As the film proceeds, we begin to understand that moments such as this were formative for Pam since her bonding with Travers through stories of fantasy had an enormous influence on her creation of the Mary Poppins books. Hence, Newman infuses the theme with warmth through its moderate tempo, lyrical melody, and lush accompaniment. But the harmony plays an important role here as well, as the first sixteen bars are composed of only two chords: I and IV, or the tonic and subdominant. Chord progressions that move between I and IV tend to have a very relaxed sound and can even take on a spiritual tone, especially when placed in a warm setting as here. (Indeed, when a IV-I progression ends a piece, it is often colloquially referred to as a “church cadence” or “amen cadence” since they are often set to the word “amen” at the conclusion of a hymn.) These musical features help to emphasize the strongly emotional quality of Pam’s relationship with her father, and hence I call this Pam’s Tender Theme.

This theme returns at three other key places in the film. First, after the young Pam witnesses Travers nearly get fired from his position at the bank for drinking on the job, Travers impresses on Pam the importance of holding on to ideas of fantasy in order to cope with the difficulties of reality. We hear it again when Ralph tells Pam about the difficulties his disabled daughter faces on a daily basis. And it is heard one last time when young Pam sees her father just after he has died. In all three cases, the theme is rescored largely for the piano, lending the scenes a more intimate and poignant quality.

Disney’s Theme

The introduction of the character of Walt Disney in Saving Mr. Banks is accompanied by the following music:


Certainly, this is authoritative music, befitting of the head of a major company. But this is no ceremonial march. Instead, it is buttressed with orchestral blasts (seen in the left hand), many of which are syncopated rather than occurring on-beat, and its string ostinato (seen in the right hand of the first bar) has an energy that goes beyond a march-like accompaniment. Finally, it uses nothing but the simple chords of I, IV, and V. All of these features are suggestive of the Copland-esque sound of Americana that made its way into film with the famous American western films The Big Country (1958) and The Magnificent Seven (1960). Listen, for example, to the openings of each below.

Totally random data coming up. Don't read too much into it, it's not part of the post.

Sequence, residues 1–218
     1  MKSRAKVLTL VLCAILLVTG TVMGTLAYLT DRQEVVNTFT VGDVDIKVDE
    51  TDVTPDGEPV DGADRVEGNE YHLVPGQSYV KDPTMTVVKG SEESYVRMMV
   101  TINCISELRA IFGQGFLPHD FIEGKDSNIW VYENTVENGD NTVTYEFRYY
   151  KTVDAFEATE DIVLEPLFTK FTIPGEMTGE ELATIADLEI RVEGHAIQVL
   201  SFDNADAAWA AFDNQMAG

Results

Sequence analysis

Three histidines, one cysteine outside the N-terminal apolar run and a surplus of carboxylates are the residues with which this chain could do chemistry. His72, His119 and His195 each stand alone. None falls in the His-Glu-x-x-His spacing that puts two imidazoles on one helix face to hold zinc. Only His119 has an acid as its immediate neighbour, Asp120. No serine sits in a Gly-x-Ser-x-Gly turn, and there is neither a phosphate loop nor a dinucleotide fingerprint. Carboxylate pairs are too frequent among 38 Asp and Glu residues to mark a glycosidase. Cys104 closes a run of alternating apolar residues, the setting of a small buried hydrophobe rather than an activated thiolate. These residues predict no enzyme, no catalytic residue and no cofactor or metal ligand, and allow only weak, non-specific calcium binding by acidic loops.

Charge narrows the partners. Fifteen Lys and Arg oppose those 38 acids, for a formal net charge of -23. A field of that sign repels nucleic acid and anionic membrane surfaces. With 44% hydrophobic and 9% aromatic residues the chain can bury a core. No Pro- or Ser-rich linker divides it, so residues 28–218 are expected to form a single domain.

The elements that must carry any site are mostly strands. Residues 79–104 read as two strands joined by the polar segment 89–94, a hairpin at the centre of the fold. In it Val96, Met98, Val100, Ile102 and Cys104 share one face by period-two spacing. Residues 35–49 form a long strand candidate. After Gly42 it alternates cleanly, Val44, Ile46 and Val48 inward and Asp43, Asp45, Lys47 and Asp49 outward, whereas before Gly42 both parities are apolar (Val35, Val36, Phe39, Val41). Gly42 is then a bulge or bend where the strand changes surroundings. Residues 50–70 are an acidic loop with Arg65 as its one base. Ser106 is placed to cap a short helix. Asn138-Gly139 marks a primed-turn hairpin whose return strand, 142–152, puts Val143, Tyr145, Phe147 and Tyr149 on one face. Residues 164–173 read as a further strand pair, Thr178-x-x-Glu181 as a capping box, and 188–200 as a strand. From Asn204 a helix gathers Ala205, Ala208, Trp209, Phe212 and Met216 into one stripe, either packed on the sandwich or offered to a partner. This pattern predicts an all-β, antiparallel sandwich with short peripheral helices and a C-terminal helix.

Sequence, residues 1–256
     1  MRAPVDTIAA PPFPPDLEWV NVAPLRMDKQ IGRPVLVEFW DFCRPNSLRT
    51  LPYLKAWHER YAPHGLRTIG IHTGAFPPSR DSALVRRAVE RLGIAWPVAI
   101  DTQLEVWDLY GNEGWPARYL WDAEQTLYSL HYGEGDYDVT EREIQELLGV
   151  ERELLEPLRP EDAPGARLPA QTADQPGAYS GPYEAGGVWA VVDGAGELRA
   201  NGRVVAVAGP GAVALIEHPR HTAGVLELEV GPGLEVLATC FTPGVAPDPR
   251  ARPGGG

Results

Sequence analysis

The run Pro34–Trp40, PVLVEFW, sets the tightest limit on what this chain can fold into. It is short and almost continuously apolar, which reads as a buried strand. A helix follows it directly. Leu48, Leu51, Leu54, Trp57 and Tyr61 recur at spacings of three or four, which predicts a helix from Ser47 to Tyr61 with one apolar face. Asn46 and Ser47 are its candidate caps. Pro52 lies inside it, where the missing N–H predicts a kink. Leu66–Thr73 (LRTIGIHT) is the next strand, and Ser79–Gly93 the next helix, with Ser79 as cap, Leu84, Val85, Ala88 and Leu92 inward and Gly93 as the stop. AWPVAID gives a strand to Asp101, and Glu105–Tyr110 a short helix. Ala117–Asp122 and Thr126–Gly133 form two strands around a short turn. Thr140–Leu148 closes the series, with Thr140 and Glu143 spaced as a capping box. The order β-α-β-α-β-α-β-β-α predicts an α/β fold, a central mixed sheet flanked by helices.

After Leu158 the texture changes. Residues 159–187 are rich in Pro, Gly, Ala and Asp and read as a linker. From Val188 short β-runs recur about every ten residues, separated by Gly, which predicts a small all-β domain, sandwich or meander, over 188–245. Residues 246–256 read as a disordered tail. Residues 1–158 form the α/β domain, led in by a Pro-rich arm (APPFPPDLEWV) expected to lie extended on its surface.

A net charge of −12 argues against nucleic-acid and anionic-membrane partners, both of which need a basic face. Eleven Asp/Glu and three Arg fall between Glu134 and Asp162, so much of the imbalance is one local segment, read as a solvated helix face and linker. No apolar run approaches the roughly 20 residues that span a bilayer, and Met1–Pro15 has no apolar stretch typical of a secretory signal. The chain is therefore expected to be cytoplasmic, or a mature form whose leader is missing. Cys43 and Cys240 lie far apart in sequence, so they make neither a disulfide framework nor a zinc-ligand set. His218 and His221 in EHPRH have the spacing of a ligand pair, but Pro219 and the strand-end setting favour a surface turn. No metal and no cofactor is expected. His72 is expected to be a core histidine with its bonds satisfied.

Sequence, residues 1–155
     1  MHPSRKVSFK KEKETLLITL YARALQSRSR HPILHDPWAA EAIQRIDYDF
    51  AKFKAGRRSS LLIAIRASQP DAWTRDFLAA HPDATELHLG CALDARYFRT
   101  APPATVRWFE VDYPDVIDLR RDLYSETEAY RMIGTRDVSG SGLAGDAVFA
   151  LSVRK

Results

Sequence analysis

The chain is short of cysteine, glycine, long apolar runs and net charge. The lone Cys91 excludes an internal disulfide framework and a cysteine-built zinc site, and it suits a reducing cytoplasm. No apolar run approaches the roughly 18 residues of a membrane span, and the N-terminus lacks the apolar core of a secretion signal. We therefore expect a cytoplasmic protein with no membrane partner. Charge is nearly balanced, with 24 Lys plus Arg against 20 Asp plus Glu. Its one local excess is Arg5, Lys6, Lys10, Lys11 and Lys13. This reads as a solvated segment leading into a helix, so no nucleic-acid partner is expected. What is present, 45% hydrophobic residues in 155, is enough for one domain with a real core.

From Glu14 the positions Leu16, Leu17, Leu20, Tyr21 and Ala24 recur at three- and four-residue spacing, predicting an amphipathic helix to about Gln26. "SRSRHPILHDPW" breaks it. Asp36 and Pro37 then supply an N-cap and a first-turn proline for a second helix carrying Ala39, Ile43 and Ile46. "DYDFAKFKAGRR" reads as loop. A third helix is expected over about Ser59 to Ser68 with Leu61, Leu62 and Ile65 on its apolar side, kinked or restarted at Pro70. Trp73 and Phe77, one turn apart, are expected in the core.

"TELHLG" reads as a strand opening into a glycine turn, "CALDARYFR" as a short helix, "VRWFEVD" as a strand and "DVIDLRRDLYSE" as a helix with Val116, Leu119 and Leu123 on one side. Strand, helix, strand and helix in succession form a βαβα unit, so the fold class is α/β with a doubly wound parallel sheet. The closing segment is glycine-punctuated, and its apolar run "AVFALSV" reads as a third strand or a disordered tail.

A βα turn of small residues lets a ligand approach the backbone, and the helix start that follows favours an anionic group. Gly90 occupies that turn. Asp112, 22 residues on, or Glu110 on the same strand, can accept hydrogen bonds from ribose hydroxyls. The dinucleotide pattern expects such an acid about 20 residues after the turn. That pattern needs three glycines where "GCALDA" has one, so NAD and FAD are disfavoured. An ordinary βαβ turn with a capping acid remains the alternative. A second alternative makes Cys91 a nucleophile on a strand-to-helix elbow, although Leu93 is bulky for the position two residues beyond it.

The Big Country (listen up to 0:37):

The Magnificent Seven (listen up to 0:28):

While nothing in either clip is directly quoted in Disney’s Theme, the same Americana flavour is unmistakable in the latter through its syncopated accompaniment chords, driving ostinato, and simple harmonies. Thus, the suggestion of Disney’s Theme is not of just any corporate boss, but a specifically American one.

Disney’s Theme is heard at one other point in the film: when Pam reluctantly arrives at Disneyland for a visit to the park with Walt himself, all in an attempt to prevent Pam from keeping the rights to the Mary Poppins story and further obstructing the film. The presence of the Disney Theme at this point is thus hardly inappropriate, as Walt is once again making a splashy entrance, this time at the gate of his own park. But the music also implies the extravagance and bustling nature of the amusement park as a whole.


As we have seen, Newman’s treatment of the first two themes above is broader than the traditional leitmotif in that his themes are not simply a signal of a particular character or object, but rather of an emotional expression that applies to a particular character in various situations. And even his theme for Walt Disney is itself widened to include the grandeur of the Disneyland park, thus again moving beyond a simple theme-to-character relationship. This more diffuse approach to theme composition fits the film quite well as the very small number of themes allows for a high degree of continuity in a film that relies heavily on a disjointed narrative through several flashbacks. In addition, Newman’s score for Saving Mr. Banks draws largely on the composer’s own personal style rather than on the classic songs from Mary Poppins. In this way, the contrast between the cheerful fantasy world of the Mary Poppins story and the “real” world of Pamela Travers with her more serious story that wavers between tragedy and comedy is brought poignantly to the fore.

Coming soon… Alexandre Desplat’s Philomena.